Should We Even Bother

The whole reason for us to go to the United States was for the opportunity. As a writer and a handmade creator, we could go to holiday markets and comic conventions to sell our wares and garner more fans. We could open up a small store on the coast and create a community place where people would gather to improve their creativity. However, coronavirus is not going away any time soon, and the lack of leadership at the state and federal levels is exacerbating the problem with conspiracy theory tweets and dumbass statements. There are anecdotal and unsubstantiated reports that people can get coronavirus more than once. Spain’s early research says that herd immunity isn’t an option. And the U.S.’s largest problem regarding this issue is that people won’t wear masks. Instead, they cling to freedumb and conspiracy theories that are easily debunked with a little critical thinking.

Worse, those that don’t wear masks feel like it’s their duty to yell at people who do (and vice versa). Stores that make a policy requiring their customers to wear masks are well within their rights according to the law. No shirt, no shoes, no mask, no service – if you don’t like it, go to another store. (Or if you love the store, see if they’ll serve you outside the building.) My wife is in a vulnerable category; your mask could save her life. Your lack of mask could kill her.

We don’t know if its worth the effort and the aggravation of telling people they can only enter the store with a properly worn mask. No one likes to be yelled at. Even getting normal jobs where masks are required, it’s definitely not worth working for minimum wage to be screamed at for something you, as a peon (pee-on in trickle-down terms) employee, have no control over. Businesses are just trying to protect their frontline workers, and those workers have no say in the policy.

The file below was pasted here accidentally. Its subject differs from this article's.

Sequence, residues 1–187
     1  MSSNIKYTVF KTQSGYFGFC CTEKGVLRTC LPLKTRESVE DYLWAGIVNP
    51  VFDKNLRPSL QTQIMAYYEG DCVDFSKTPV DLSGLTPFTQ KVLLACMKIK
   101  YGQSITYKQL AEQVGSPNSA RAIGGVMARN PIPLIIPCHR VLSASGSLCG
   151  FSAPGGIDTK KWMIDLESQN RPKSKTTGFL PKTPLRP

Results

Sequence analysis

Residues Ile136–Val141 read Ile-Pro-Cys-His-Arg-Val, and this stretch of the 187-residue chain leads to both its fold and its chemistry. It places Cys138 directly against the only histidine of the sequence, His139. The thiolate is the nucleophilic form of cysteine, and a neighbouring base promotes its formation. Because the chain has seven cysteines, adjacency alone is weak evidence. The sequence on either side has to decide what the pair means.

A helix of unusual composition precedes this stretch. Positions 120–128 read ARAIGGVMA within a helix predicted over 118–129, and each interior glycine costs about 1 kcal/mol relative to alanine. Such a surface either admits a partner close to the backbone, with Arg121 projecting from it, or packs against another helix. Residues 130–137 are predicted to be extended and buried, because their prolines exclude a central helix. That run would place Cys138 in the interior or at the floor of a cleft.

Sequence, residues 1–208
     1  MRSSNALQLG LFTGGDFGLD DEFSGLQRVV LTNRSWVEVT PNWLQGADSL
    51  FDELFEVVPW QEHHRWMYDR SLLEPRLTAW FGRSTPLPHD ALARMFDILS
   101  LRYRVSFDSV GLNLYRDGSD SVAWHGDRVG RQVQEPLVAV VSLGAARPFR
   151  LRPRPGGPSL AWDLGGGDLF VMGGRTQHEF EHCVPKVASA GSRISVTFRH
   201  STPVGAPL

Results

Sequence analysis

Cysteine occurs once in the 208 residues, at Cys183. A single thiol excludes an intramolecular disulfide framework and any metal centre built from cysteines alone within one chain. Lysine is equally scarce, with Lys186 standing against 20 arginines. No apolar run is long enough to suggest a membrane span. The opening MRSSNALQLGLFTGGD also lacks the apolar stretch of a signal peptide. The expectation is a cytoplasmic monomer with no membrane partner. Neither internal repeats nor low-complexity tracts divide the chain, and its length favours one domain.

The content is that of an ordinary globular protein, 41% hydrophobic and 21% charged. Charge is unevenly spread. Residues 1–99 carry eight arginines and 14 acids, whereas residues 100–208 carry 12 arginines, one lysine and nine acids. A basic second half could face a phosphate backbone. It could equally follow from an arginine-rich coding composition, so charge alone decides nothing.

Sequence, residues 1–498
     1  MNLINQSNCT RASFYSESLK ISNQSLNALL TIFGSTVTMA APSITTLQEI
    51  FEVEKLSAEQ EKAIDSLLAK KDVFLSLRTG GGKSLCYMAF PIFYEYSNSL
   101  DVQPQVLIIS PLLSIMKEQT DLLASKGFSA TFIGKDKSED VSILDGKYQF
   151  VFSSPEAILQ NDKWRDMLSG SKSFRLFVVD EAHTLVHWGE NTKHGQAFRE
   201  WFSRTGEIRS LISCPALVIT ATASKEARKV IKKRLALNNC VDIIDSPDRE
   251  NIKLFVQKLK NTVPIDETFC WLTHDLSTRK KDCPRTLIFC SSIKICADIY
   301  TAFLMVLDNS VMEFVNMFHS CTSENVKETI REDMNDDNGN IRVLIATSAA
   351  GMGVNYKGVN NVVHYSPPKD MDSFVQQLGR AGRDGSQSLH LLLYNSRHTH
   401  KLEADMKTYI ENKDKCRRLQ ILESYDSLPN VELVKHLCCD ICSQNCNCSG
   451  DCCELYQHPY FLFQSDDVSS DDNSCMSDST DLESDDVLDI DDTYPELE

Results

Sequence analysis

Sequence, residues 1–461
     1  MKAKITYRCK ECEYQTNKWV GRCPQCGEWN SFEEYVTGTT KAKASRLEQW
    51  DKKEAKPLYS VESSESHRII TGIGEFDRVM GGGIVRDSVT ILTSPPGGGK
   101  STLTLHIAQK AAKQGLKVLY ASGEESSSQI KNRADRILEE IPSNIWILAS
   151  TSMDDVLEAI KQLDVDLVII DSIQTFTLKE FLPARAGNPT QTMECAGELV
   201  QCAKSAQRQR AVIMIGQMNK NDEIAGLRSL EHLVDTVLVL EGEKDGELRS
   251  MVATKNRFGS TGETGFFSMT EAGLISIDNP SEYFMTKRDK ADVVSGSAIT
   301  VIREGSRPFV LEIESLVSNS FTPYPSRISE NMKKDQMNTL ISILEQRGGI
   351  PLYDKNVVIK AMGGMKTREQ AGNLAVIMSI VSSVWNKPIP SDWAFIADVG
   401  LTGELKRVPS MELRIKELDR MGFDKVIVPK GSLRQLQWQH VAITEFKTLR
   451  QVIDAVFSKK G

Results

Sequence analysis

In Russia, South Korea, and pretty much every other part of the world, masks have become an accepted part of everyday life. No one is dying of asphyxiation or having panic attacks, except Karens and Kens of the United States, who also aren’t dying but by their actions, you’d think they were. If you’re a patriot, you’re not being asked to go to war and face death; you’re being asked to wear a mask. Wear the damn mask.

Military Occupation of Portland

Look, if it were just coronavirus, I probably wouldn’t have this many doubts. I would just get on the plane and hope for the best. I have public health training, worked for the Red Cross as an instructor and Health and Safety manager, and my wife is a doctor. We can’t eliminate all possibilities of disease transmission, but we can limit our exposure. We have the knowledge to stay as safe as we can, and we understand that life is inherently filled with risks. However, the recent abduction of U.S. citizens off the streets of Portland by people dressed in full tactical military gear is utterly frightening and incomprehensible. Armed protesters are able to storm state capitol buildings without incident, but protesters with water bottles chanting in the streets are to be gassed, shot and maimed with rubber bullets, and beaten with batons.

The people being snatched off the street have no idea who is taking them, why they are being taken or where they are being taken. They simply get grabbed, thrown in an unmarked van and whisked away. The soldiers(?), agents(?), racist thugs, POSs… don’t identify themselves, which could set up a huge conflict. Anyone who legally owns a gun would probably pull it out on these agents and defend themselves. It’s easy enough to get these kinds of costumes from the Internet. The soldiers could be kidnappers intent on killing the person. NEVER GO TO A SECOND LOCATION. The resulting firefight would probably end up with a dead snatchee and several injured bystanders. If they are government agents, it would also give the federal government more ground to overstep its bounds.